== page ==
As you write this essay, aim to demonstrate your knowledge and enthusiasm for the school in question. As they read your essays, college admissions officers try to picture you on their campus. Help the admissions team imagine you as someone who would happily thrive at their school, making positive contributions to campus. Not only do you need to be a good fit for the school, but the school needs to be a good fit for you as well. Although these approaches are slightly different, you can include similar information in your answers to both prompt types.
You also need to convey your enthusiasm and excitement about the college and the unique opportunities available there. This type of research will take some time, but earning an acceptance letter from your dream school will make it worth the effort. Many students might use this technique, so you could end up sounding just like other applicants which you want to avoid. Gather as much material published by the school as you can, and take your time combing through it for opportunities that you find particularly exciting.
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Ask them questions about their university and what makes it unique, then jot down notes so you can include these details in your essay later! You can also find tons of unique details about the college by visiting campus and taking a tour. As always, be sure to take notes. Note your overall impressions and anything you see that you especially like, no matter how small. These seemingly insignificant details are what make your essay! Many schools offer virtual tours on their website, or you can search sites like Youtube.
Visiting campus is another way to find students to talk to, and some admissions websites list contact information for students you can email with questions about life at the university. Sift through all of your research and notes to find aspects of the school that appeal to you the most.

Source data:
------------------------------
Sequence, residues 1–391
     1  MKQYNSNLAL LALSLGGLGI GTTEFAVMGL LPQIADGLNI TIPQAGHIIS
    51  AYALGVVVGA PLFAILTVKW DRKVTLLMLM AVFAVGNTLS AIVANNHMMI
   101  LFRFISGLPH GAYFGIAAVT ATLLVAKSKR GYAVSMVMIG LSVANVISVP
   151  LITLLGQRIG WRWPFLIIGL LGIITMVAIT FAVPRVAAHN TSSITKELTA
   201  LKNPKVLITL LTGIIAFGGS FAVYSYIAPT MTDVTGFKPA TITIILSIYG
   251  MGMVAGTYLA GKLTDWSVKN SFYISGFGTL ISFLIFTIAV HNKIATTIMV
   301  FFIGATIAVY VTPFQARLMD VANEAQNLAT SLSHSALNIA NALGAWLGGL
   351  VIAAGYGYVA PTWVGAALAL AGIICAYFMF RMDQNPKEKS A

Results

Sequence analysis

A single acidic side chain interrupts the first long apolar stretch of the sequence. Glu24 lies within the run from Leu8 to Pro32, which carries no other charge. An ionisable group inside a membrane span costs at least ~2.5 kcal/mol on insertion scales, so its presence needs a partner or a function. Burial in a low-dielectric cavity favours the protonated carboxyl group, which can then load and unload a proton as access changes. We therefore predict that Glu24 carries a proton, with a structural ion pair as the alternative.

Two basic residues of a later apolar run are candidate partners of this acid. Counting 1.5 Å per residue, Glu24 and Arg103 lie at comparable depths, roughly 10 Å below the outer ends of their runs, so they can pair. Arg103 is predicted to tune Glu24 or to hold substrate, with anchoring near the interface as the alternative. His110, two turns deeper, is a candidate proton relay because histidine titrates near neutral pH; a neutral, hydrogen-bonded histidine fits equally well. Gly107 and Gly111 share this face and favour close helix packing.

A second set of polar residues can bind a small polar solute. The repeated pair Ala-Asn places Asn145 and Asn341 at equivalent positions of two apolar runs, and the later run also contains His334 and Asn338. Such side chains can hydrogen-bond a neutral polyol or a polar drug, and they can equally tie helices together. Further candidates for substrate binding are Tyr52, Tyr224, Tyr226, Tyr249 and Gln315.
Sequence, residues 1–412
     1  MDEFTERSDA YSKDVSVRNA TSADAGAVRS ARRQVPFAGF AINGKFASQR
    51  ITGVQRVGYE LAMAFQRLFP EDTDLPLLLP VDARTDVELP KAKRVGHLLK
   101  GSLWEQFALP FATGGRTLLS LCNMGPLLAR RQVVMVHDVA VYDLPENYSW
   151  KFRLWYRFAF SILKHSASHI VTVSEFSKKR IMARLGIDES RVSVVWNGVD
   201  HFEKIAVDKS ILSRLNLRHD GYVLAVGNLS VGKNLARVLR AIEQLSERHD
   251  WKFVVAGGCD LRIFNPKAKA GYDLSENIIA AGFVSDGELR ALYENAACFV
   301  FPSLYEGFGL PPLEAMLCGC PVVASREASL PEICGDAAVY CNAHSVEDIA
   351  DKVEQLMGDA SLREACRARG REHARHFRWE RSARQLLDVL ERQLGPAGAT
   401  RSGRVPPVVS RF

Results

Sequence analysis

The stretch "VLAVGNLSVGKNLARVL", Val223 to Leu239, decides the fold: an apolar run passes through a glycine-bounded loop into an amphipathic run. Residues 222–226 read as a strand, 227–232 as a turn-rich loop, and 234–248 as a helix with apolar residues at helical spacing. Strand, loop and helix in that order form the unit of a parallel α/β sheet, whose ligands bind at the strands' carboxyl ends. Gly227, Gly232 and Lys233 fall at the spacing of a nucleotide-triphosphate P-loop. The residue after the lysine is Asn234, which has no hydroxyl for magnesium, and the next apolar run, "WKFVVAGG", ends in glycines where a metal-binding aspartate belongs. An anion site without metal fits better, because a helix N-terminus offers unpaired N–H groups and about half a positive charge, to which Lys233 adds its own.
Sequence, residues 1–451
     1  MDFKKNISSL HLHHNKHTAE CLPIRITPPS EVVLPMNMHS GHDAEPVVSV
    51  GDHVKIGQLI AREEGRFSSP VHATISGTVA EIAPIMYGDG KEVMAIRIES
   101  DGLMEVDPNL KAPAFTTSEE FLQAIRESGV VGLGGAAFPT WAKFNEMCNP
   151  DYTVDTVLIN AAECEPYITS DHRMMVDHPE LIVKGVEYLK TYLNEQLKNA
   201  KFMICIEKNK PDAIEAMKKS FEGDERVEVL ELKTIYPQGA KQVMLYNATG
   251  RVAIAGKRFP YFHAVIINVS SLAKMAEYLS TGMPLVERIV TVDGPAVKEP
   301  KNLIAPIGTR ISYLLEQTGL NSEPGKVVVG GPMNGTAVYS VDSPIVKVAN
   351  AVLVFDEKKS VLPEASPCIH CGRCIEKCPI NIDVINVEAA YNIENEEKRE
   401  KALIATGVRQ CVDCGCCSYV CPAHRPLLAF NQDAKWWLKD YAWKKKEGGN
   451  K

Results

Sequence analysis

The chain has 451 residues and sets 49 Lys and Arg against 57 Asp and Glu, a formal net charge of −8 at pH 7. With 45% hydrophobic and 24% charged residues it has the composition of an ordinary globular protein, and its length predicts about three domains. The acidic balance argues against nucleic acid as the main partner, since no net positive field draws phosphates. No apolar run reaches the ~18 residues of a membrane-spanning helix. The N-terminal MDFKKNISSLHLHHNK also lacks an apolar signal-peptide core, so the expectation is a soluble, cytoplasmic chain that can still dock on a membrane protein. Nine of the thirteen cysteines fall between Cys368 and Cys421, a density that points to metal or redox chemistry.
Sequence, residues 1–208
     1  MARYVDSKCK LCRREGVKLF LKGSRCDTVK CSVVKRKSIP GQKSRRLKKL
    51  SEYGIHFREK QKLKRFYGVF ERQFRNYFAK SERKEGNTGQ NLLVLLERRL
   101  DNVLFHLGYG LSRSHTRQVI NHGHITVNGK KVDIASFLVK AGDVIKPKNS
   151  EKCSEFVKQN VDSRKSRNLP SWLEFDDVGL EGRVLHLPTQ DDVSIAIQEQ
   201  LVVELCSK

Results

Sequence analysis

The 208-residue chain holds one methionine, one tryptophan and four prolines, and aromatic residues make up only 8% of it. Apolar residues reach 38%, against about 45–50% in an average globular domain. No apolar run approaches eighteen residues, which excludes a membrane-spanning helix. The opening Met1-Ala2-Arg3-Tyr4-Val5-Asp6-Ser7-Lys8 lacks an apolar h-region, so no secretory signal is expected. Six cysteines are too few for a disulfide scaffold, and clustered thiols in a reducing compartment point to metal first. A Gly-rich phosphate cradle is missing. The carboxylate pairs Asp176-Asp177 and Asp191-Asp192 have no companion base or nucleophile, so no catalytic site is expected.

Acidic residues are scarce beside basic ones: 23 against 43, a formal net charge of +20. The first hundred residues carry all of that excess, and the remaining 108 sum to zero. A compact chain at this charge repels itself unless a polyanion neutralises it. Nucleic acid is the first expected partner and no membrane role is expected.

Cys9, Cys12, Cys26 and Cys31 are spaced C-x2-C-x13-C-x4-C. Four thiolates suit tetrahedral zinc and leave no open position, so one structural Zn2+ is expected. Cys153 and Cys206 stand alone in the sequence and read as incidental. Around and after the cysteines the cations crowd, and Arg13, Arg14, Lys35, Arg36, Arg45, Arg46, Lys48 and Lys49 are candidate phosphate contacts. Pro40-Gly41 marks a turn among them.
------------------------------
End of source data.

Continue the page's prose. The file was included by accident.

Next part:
see Make sure these are specific details! The discussion was rich as ideas were tossed back and forth, comparing and contrasting modern warfare in different regions and cultures. The dialogue instantly excited me, but when the students I was sitting with invited me to come to lunch with them, to continue talking about the Middle Eastern conflict, I knew that Tufts was the kind of environment I was looking for: an open community that values dialogue, and a campus with a strong intellectual pulse, even outside of the classroom.
Here, Jesse mentions a specific course that he was able to visit during a tour of Tufts. He details the discussion he observed in the class, as well as an interaction that followed with Tufts students. He then explains why this experience was significant to him personally. I want to inform my art-making with in-depth exploration of sociology, justice, and international relations, creating works that comment on global issues—a prospect uniquely possible at Tufts SMFA. I vividly remember stepping onto the roof of Tisch Library and seeing a group of kids sitting in hammocks, overlooking the Boston skyline.
The students covered everything from physics to what they had for lunch that day. When they spoke about physics, they did not speak with pretension; instead they spoke with passion. Likewise, when they spoke about something as simple as lunch, they did so with witty intrigue.